One of the benefits of upgrading to First Class when you fly is avoiding the Hungry-Man type entrees that come with being in coach. LSG Sky Chefs is an in-flight services provider that strives to offer airline companies outstanding onboard service to its passengers. Chef Clifton Lyles, otherwise known as Chef Cliff, serves as LSG Sky Chefs’ executive chef for their client Alaska Airlines. Lyle’s mission is to counter the negative stereotype of airplane food by providing high-quality dishes for those who crave luxury even at 30,000 feet.
Even though he is an Indianapolis native, Lyles is very familiar with what we call the Bay Area after receiving his culinary degree from the California Culinary Academy in San Francisco. Being one of six children, he learned early how to cook for himself and others. In raising his own family of four girls, his estrogen-filled surroundings gave him a particular way of looking at food. “The many women in my life have taught me how to listen and observe. Those lessons have also directly applied to my perspective on food. I am emotionally connected to food. I listen and observe [when preparing food] as opposed to bending it to my will,” he explains.
Such an enriched personal experience has given Lyles the edge over the culinary competition. Conversely, on the testosterone side, he comes from a long line of military men. After culinary school, Lyles joined the Marines Reserve and once he served his country proudly, he was ready to serve up some great food. Working for various fine dining venues and corporate functions, he craved the ability to be autonomous and have creative freedom with his dishes. For three years, Lyles maintained his own catering business in Los Gatos, Calif. “I loved the area and we had lots of corporate clients in the Silicon Valley area,” Lyles relays. Here in the Bay Area, we all know that our lifestyle comes with a hefty price tag. Due to the cost of living, Lyles sold his catering business and moved to the Pacific Northwest. His love of the outdoors brought him to the Seattle area.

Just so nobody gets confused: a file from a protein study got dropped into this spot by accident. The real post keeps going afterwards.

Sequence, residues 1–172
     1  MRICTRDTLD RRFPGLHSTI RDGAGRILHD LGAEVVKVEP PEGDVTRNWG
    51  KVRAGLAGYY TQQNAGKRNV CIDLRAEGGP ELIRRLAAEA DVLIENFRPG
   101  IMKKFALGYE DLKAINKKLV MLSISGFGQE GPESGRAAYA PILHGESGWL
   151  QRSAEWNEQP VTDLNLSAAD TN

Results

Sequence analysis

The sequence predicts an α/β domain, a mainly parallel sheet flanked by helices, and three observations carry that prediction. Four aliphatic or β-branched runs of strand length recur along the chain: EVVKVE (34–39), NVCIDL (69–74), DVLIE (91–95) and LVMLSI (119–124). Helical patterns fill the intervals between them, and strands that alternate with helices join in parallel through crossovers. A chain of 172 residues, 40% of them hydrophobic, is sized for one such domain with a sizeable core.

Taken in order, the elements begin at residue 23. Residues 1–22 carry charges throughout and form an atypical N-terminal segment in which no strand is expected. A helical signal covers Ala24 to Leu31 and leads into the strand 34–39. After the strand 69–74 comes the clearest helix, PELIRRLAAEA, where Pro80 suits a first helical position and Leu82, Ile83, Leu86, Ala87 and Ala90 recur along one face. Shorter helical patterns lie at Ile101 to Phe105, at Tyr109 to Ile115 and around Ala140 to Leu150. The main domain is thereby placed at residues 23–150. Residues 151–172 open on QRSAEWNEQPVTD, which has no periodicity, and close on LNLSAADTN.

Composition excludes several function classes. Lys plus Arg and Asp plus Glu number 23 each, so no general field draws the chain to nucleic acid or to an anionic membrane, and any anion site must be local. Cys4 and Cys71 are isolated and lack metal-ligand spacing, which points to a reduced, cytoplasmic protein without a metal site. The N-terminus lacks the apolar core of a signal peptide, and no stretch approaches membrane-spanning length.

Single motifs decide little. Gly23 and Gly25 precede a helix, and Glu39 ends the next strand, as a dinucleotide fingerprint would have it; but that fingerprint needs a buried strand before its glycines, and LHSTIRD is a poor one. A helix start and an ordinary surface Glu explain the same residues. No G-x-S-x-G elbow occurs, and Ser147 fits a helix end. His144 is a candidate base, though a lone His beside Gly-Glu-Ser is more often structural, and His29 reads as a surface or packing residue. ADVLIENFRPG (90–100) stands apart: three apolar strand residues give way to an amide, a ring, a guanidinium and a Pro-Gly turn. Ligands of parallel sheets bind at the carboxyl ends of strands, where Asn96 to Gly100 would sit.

After arriving in Seattle, an opportunity became available to be a culinary professional for the airlines and soon he landed the position with LSG Sky Chefs. “Seven years ago, I was ready to move on to the research and development side of the culinary arts,” Lyles explained. Regulations and restrictions for creating dishes for a FAA- regulated environment can be a challenge to overcome. Surprisingly, Alaska Airlines has given him complete creative control over the menu. “I put together a menu, which goes to a panel for review and approval,” Lyles says. More often than not, his wishes are granted. He researches what is trendy and applies passenger survey results to his next seasonal menu.
Each season, Lyles uses ingredients that are locally produced. There are no preservatives and he is conscious of the temperature and time each dish will need for the flight attendants to manage. “I strive to provide the best quality product for the lowest cost by buying what is local and available seasonally,” Lyles explains. He has had Alaskan snow crab on the menu as well as king salmon.
I vote to have a menu at the counters at check-in, so when the attendant asks you if you want to upgrade to First Class, passengers can ask, “What’s on the menu?” I certainly know it would be an imperative factor in my decision to upgrade.
This article was written by Jeanine Lewis.